That Genius Substitution

The late goal probably saved Bilic his job (for now) and he also received heaps of praise for his inspired, genius and game changing substitutions, when Arthur Masuaku set up Diafra Sakho for the only goal of the game in the final minute.  Yet that one moment barely made up for what had gone on in the previous ninety minutes with his selected eleven.  I am no fan of the Carroll style of player but, if that is what you are starting with, then you have to give him the service he needs.  Even when there were opportunities from set pieces to aim for Carroll’s head we chose to go short and backwards instead. There were a few crosses by Aaron Cresswell in the first half but all from positions that favoured the defenders.  I don’t remember any West Ham player getting behind the Swansea defence in a wide position prior to the goal.  There was no width in midfield and no support for the full-backs when they endeavoured to get forward.  For those few minutes when Cresswell and Masuaku were able to double up on the left hand side it led, not only to the goal, but also to Carroll striking the woodwork.  Starting with Masuaku rather than Ayew would have made far more sense and Sakho must surely be, despite his recent problems, the most complete striker on our books.  The substitution did reap benefits but maybe they both should have been in the field from the start.  I cannot recall any dangerous crosses coming in from the right even though Pablo Zabaleta put in another spirited display; I wonder what he makes of it all after his time at Manchester City?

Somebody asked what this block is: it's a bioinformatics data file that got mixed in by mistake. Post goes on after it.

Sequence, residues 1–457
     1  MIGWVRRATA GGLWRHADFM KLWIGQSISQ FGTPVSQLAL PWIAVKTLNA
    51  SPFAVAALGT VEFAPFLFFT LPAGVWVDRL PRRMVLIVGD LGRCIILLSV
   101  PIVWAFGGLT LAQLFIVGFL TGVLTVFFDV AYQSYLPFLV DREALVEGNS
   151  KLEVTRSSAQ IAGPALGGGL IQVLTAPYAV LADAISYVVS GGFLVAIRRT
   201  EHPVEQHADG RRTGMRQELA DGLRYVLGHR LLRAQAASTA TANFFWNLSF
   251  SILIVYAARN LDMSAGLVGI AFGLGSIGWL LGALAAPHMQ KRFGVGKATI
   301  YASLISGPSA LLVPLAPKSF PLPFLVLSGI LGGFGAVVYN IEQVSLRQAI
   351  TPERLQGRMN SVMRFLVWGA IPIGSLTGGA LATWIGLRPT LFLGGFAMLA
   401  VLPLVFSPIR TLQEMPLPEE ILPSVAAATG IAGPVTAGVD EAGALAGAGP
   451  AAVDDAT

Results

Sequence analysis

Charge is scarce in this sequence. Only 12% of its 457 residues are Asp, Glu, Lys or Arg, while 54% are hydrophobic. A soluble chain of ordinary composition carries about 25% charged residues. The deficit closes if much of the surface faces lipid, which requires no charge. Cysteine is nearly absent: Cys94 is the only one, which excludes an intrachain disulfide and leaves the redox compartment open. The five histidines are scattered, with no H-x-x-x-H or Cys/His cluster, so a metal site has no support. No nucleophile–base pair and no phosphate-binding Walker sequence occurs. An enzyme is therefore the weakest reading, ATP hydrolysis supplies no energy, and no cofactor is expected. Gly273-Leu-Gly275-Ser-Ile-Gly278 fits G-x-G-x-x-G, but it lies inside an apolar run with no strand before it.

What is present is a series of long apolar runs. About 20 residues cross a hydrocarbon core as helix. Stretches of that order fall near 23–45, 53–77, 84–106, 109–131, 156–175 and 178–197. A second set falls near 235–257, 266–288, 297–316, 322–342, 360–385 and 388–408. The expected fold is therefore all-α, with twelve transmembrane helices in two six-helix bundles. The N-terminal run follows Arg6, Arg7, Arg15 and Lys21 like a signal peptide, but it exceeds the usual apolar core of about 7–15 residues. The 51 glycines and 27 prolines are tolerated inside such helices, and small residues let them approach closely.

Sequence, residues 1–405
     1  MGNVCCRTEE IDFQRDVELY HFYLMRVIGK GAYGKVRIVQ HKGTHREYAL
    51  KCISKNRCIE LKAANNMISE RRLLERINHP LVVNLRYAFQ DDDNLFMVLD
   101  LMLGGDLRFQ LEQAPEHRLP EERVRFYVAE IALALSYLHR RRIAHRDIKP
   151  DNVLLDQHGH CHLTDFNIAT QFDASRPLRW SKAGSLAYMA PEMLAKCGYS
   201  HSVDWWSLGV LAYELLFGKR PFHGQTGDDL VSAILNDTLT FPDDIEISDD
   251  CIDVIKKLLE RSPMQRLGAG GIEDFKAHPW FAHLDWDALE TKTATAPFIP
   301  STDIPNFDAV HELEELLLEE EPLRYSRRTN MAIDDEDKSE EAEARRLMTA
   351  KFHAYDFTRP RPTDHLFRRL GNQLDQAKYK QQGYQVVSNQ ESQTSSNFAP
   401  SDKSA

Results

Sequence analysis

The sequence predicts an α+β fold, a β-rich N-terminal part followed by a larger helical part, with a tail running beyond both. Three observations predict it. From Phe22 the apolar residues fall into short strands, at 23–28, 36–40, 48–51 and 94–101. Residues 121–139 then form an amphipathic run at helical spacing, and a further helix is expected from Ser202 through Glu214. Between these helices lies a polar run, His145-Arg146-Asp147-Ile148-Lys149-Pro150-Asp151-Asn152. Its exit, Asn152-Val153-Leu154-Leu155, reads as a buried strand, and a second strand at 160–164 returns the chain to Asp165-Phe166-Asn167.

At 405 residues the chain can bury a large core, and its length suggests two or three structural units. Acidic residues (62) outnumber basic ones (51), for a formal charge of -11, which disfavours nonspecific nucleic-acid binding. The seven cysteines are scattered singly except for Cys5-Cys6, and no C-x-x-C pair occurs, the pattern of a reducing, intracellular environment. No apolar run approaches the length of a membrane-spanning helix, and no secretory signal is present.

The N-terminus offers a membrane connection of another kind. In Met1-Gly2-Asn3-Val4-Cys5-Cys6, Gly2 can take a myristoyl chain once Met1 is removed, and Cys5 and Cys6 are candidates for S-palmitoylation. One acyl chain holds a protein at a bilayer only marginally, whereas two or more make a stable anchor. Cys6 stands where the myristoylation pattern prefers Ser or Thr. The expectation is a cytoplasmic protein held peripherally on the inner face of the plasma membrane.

Is There a Bright Side?